I started the novel in 1976 and published in 1983, 500 years after the events of his reign. I’ve studied the Wars of the Roses for over 50 years now. For 10 years, I managed a history forum under an alias, and I had a chance to engage other people and other opinions, and sometimes to test my views against theirs.
I was going to write another historical novel, but I have been convinced since to write a history, It will be a major project, and I am always busy. (See Questions 13 and 14.)You have published only one collection of short stories till now. Can we expect more of them in the future? What is it about writing short stories that you enjoy the most?
Short stories provide a means for a writer to take a quick glimpse of life and say something about it. Naturally, it is easier to sustain the writing momentum in a short work than in a long one.“Love Quest” was a draft for almost twenty years. What was the reason you never published it then?
That goes back to Question 7. I just couldn’t quite get around to it while I was working. When I retired, I discovered that it was the most complete of all my drafts, so it was the one that I promoted.“Love Quest” is a romantic fantasy. How is it different from the mainstream romance novels?
LoveQuest is the mythical story of Eros, the god of Love, and his forbidden passion for the lovely mortal woman Psyche, who is flawed and faithless. This story has attracted artists throughout the centuries, not only as a romance, but as a fable of the soul in search of its heart’s desire, and a testimony to the redeeming power of love.What are the other genres you would like to explore as a writer? Why?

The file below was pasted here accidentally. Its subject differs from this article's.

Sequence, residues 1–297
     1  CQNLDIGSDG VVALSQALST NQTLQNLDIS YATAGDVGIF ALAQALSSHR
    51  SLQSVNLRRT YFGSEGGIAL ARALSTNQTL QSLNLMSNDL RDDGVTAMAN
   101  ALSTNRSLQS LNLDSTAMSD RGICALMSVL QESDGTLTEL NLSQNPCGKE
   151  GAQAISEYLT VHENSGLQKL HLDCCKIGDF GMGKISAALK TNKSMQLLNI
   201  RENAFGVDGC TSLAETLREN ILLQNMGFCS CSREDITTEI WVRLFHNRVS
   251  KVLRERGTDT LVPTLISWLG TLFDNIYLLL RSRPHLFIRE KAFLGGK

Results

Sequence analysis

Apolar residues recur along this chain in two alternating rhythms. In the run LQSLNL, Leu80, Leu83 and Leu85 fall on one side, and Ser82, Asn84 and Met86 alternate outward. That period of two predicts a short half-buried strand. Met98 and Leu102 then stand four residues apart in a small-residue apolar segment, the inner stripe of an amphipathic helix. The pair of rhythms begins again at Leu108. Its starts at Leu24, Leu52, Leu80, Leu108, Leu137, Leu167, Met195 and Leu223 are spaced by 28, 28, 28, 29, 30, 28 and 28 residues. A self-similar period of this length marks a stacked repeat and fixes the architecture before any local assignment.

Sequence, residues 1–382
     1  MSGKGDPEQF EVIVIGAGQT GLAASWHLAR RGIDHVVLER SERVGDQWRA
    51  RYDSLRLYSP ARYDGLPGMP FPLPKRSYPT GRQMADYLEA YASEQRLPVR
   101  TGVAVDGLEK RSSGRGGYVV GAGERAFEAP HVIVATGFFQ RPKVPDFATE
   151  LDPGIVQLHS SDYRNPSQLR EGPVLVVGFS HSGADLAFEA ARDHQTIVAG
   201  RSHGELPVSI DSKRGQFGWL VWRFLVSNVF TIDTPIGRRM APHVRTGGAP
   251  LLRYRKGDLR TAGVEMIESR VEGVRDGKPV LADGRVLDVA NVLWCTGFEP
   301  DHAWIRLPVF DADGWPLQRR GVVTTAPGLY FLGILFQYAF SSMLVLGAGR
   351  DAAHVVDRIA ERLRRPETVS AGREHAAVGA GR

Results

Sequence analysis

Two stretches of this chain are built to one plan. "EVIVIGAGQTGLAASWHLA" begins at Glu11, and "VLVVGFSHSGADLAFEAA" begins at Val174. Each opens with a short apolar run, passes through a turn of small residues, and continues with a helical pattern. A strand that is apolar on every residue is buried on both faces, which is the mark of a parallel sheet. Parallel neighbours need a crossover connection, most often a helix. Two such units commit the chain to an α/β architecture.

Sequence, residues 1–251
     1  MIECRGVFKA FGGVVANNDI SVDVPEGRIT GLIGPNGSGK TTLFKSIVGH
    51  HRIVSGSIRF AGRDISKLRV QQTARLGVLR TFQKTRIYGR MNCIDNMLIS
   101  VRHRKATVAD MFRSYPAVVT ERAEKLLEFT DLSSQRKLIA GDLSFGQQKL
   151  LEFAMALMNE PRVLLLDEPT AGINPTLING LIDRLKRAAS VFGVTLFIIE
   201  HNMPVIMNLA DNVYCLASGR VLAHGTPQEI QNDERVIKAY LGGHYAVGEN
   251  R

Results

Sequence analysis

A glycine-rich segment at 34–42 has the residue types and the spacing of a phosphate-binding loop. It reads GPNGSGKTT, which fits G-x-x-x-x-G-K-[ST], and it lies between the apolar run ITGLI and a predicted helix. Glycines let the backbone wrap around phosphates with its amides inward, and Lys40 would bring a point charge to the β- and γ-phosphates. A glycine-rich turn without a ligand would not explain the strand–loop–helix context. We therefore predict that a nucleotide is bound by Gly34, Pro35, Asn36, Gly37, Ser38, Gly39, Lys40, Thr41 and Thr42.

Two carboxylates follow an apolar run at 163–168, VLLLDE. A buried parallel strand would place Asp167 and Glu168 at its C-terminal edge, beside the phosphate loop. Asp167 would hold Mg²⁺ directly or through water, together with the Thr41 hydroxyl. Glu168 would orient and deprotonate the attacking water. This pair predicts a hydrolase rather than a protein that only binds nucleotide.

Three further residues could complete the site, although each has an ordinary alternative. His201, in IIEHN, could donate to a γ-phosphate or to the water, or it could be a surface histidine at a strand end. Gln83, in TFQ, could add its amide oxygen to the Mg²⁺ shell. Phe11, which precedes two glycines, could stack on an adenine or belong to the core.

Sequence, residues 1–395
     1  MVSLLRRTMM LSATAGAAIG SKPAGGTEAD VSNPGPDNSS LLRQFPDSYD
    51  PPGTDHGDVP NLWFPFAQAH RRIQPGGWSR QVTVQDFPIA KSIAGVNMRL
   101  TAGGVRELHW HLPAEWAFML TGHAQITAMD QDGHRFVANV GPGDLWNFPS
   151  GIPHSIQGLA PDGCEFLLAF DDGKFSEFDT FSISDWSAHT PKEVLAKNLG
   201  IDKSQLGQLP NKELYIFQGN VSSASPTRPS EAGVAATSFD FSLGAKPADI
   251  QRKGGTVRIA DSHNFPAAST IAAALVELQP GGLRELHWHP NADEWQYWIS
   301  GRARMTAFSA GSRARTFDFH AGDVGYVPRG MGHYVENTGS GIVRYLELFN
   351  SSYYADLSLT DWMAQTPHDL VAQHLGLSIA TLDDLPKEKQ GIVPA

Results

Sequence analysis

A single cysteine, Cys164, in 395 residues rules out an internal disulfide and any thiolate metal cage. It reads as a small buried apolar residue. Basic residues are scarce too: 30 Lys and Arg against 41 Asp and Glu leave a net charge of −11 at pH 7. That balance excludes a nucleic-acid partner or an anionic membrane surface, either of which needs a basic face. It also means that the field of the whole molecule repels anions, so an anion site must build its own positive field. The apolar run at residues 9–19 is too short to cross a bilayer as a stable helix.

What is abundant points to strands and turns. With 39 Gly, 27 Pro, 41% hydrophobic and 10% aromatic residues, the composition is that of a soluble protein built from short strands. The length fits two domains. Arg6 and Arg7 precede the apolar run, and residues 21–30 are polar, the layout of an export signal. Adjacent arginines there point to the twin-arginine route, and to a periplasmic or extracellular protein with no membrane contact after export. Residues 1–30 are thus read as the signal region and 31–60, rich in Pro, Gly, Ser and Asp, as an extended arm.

I consider myself a generalist. I’m attracted to futuristic dystopias as a means of making political statements (think of Robert Heinlein and Suzanne Collins, for example). I like science fiction and fantasy, and I like contemporary novels. I enjoy reading and writing non-fiction – memoirs and histories.
I guess I can’t be classified as a writer in any particular genre. It has always been the story that has driven me to write, and never the genre.Now that you are retired from your job, what else do you plan to do apart from writing?
My husband and I have a lot of interests, and that certainly impacts how much time we have to spend cultivating all of them. I love literature and reading, historical research, music, genealogy, and gardening. He cultivates orchids, which sometimes draws me in just as my writing sometimes draws him in. We both enjoy wildlife and traveling, as well.Tell us about your next project that would hit the racks. What is the genre of this one?
I want to write a history of the Wars of the Roses, but that project will take years to complete. In the meantime, I am writing a novella based on my 1965 diary. Nothing is very far along at this point, so another inspiration might have me fired up in a different direction. I have a lot of draft material and a head full of ideas, and I have to go where the inspiration takes me.
** Make sure that you have read the book at least once.**
by:Free with KU